There is no immediate need for borrowers to undertake urgency
this year but BNZ economist Kymberly Martin is warning
Most economists are picking the Reserve Bank to hold off
lifting the official cash rate from the current 2.5% until at
least late this year.
New Zealand swap yields had finished the year not far from
where they started. Yields rose sharply at the end of March
last year as European concerns eased and the market
anticipated Reserve Bank rate hikes.
Subsequently, as rate hike expectations faded, yields fell
back and settled into a steady trading range for the second
half of the year.
Ms Martin said the New Zealand interest-rate curve flattened
notably until midyear, also finding a steady trading range in
the second half of the year.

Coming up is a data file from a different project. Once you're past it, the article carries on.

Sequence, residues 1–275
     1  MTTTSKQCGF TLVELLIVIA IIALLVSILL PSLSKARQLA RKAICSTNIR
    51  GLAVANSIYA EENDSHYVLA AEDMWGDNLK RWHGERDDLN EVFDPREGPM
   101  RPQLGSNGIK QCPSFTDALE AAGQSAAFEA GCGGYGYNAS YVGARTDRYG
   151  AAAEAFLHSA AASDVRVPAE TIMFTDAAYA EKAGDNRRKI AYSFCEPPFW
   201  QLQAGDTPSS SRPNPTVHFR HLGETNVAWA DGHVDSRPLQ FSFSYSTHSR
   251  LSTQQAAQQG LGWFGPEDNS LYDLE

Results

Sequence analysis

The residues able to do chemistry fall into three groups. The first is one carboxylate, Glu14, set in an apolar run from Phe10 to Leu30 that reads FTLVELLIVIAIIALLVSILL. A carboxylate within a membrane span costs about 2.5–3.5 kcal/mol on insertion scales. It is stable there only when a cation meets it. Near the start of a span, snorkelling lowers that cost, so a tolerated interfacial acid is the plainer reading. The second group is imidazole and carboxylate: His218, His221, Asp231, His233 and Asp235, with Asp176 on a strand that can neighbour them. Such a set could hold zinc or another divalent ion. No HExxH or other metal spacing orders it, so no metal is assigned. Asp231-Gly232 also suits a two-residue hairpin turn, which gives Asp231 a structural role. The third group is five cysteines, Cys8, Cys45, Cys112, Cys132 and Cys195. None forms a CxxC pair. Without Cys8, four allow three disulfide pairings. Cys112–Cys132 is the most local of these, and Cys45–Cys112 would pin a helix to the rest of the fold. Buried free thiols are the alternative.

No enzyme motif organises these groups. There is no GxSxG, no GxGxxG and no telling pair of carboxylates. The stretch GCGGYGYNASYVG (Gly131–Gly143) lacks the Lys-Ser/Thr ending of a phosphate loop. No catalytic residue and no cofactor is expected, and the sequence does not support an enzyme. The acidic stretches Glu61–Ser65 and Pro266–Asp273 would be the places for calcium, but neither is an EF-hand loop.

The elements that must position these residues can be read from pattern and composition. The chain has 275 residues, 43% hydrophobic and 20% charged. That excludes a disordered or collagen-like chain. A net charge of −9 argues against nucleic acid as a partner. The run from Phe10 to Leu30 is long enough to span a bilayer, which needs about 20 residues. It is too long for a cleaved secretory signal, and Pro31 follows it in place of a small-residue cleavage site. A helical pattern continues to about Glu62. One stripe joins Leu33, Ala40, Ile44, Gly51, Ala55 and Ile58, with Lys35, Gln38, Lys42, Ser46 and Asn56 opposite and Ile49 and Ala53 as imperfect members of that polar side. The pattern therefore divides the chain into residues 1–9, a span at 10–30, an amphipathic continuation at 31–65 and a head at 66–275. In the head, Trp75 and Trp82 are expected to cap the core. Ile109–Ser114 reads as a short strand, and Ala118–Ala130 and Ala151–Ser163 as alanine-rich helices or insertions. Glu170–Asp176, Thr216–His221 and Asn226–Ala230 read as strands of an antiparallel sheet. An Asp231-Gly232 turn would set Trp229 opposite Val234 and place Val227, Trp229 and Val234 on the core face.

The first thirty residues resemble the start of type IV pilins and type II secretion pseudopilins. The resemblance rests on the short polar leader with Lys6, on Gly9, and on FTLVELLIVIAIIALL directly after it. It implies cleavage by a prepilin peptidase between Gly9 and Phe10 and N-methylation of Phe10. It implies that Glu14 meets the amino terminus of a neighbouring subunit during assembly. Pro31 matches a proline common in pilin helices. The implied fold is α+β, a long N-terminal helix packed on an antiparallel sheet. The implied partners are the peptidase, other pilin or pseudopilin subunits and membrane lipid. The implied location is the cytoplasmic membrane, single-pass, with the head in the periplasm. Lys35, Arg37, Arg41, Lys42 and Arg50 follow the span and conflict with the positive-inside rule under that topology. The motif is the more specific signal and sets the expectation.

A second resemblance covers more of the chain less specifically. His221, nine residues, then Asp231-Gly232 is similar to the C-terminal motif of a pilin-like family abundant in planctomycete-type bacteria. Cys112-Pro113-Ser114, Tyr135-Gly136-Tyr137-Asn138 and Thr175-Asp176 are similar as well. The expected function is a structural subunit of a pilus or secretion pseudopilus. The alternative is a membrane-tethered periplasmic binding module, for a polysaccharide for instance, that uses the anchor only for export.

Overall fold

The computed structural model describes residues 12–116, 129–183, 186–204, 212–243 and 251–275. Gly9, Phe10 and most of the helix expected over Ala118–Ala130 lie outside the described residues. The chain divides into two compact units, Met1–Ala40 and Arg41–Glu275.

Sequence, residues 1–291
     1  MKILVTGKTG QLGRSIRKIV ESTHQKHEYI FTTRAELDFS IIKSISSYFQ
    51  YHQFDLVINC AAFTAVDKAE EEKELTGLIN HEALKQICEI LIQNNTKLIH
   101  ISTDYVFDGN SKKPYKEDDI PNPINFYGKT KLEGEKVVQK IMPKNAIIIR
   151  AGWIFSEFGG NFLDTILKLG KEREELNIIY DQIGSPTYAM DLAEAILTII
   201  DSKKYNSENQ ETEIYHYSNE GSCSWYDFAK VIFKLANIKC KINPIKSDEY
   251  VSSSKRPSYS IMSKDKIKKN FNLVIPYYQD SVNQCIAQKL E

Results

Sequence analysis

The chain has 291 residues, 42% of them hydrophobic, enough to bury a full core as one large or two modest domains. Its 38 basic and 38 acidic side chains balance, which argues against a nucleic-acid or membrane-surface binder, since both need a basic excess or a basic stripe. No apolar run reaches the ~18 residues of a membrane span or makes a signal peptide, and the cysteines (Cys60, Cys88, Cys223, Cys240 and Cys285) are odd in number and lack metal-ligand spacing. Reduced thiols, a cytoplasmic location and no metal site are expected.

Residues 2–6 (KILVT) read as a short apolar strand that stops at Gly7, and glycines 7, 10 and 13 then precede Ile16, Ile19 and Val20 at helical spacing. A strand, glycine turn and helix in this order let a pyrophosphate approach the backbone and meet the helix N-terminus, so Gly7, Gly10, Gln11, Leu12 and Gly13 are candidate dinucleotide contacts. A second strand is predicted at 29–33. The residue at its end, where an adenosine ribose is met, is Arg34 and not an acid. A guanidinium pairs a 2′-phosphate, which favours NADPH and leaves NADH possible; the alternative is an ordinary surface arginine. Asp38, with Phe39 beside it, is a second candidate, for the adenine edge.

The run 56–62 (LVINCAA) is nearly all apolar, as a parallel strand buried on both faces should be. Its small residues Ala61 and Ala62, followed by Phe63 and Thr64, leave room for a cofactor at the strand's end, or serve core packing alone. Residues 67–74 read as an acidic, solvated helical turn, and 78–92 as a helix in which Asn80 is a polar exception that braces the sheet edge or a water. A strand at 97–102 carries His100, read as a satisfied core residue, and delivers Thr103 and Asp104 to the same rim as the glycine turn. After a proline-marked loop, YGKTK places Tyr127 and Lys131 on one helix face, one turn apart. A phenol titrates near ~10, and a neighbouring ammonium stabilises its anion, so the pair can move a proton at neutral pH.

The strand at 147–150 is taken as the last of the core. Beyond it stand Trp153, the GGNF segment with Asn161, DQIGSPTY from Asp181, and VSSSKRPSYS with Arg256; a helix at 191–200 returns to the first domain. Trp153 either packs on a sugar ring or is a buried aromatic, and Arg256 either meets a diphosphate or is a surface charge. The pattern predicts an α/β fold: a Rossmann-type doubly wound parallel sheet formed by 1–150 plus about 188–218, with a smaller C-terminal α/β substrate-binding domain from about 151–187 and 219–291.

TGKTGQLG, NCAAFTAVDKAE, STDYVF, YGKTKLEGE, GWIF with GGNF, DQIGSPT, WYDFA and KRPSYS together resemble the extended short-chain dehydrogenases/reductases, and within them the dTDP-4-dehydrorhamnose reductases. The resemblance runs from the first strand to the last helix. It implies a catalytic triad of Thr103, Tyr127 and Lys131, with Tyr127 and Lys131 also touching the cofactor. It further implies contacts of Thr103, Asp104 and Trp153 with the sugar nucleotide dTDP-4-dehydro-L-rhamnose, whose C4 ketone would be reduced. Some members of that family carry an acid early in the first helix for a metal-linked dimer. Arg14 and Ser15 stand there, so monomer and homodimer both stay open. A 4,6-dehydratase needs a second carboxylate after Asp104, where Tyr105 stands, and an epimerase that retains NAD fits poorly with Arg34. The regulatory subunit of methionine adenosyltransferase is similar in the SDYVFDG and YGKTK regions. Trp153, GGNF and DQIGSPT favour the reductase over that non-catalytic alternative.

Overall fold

Overall, bank funding costs had remained elevated as banks
worked towards the January 1 deadline to meet Reserve Bank
liquidity policy targets.
''Still, sharp spikes in short-term funding costs, resulting
from stress in global markets, have been absent during the
Borrowing trends had bottomed out across all sectorsof the
economy. However, the pick-up in loan growth hadbeen muted,
Despite that, the BNZ anticipated market expectations
regarding the OCR to wax and wane as they had over the past
BNZ forecasts for short-end yields were for them to remain
largely range-bound in the first three months.
''We see a first OCR hike in December 2013. We expect the
cash rate to move progressively back towards neutral,
reaching 4.25% by the end of 2014.''
For much of the year, data and Reserve Bank rhetoric would
probably provide little to dissuade the market of its view
the rate hiking cycle would have a very gradual gradient once
under way, Ms Martin said.
''It is really only in 2014 that we expect markets to be
surprised by the steepness of the OCR trajectory and for
yields to rise more aggressively.''
Late this year, there should be some pre-positioning for that
scenario. The BNZ was forecasting a two-year swap rate of
3.4% by December, from the current 2.74%.